Done at the City of Washington, this Third day of October, in the year of our Lord one thousand eight hundred and sixty-three, and of the Independence of the Unites States the Eighty-eighth.

By the President: Abraham Lincoln

William H. Seward, Secretary of State


Monday, November 20, 2017

George Washington's 1789 Thanksgiving Proclamation

**NOTE: Amazingly, shortly after the Thanksgiving Proclamation was written  it was lost for 130 years. The original document was written in long hand by William Jackson, secretary to the President, and was then signed by George Washington. It was probably misplaced or mixed in with some private papers when the U.S. capitol moved from New York to Washington, D.C. The original manuscript was not placed in the National Archives until 1921 when Dr. J. C. Fitzpatrick, assistant chief of the manuscripts division of the Library of Congress, found the proclamation at an auction sale being held at an art gallery in New York. Dr Fitzpatrick purchased the document for $300.00 for the Library of Congress, in which it now resides. It was the first official presidential proclamation issued in the United States.

Whereas it is the duty of all nations to acknowledge the providence of Almighty God, to obey His will, to be grateful for His benefits, and humbly to implore His protection and favor; and Whereas both Houses of Congress have, by their joint committee, requested me to recommend to the people of the United States a day of public thanksgiving and prayer, to be observed by acknowledging with grateful hearts the many and signal favors of Almighty God, especially by affording them an opportunity peaceably to establish a form of government for their safety and happiness.

Now, therefore, I do recommend and assign Thursday, the 26th day of November next, to be devoted by the people of these States to the service of that great and glorious Being who is the beneficent author of all the good that was, that is, or that will be; that we may then all unite in rendering unto Him our sincere and humble thanks for His kind care and protection of the people of this country previous to their becoming a nation; for the signal and manifold mercies and the favorable interpositions of His providence in the course and conclusion of the late war; for the great degree of tranquility, union, and plenty which we have since enjoyed; for the peaceable and rational manner in which we have been enable to establish constitutions of government for our safety and happiness, and particularly the national one now lately instituted for the civil and religious liberty with which we are blessed, and the means we have of acquiring and diffusing useful knowledge; and, in general, for all the great and various favors which He has been pleased to confer upon us.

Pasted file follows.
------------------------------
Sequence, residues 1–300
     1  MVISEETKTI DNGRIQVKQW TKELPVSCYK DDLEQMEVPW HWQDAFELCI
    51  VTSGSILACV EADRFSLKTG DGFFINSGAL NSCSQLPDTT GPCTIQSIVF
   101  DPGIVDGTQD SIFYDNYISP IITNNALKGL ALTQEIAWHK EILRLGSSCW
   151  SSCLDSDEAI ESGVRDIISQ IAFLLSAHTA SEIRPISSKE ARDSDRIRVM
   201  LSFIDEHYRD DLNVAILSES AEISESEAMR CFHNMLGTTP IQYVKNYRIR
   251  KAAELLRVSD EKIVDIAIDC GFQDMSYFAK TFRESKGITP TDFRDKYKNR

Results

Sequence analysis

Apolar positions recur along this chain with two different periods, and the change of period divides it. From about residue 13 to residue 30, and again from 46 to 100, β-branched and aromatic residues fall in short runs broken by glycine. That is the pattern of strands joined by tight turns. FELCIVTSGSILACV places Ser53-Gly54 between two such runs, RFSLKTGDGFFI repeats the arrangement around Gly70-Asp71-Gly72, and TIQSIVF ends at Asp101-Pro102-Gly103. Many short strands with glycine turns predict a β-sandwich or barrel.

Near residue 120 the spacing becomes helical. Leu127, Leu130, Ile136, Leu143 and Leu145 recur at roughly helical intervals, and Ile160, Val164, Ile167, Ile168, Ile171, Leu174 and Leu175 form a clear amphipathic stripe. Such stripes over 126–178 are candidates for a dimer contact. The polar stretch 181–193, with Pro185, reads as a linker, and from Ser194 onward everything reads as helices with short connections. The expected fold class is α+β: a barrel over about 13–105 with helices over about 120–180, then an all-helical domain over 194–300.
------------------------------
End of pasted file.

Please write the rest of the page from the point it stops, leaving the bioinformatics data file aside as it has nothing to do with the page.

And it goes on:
And also that we may then unite in most humbly offering our prayers and supplications to the great Lord and Ruler of Nations and beseech Him to pardon our national and other transgressions; to enable us all, whether in public or private stations, to perform our several and relative duties properly and punctually; to render our National Government a blessing to all the people by constantly being a Government of wise, just, and constitutional laws, discreetly and faithfully executed and obeyed; to protect and guide all sovereigns and nations (especially such as have shown kindness to us), and to bless them with good governments, peace, and concord; to promote the knowledge and practice of true religion and virtue, and the increase of science among them and us; and, generally to grant unto all mankind such a degree of temporal prosperity as He alone knows to be best.

Given under my hand, at the city of New York, the 3d day of October, A.D. 1789.

President George Washington


Sunday, November 19, 2017

PRAGER UNIVERSITY: What's the Truth About the First Thanksgiving?

"We teach what isn’t taught." - Dennis Prager

This semester of Prager University is presented by:  Michael Medved

“Today, with our continued blessings so obvious, and so overwhelming, the only reason to treat this beloved national holiday as a time of mourning is that some foolish Americans actually think that’s a good idea.  The Pilgrims knew better.  They understood that people of every culture and every era can gain more from gratitude than from guilt.” – M.M

“The celebration, later know as, the First Thanksgiving, actually involved a three-day harvest festival in October.  Apparently inspired by the biblical holiday of Sukkot, or the Feast of Tabernacles.  Ninety hungry Indian warriors joined the 53 surviving Pilgrims for this occasion…[T]he sense of purpose of the original Pilgrims left a permanent imprint on the national character…They saw themselves as instruments, not masters, of a mysterious master plan." - M.M.

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Friday, November 17, 2017


Sunday, November 12, 2017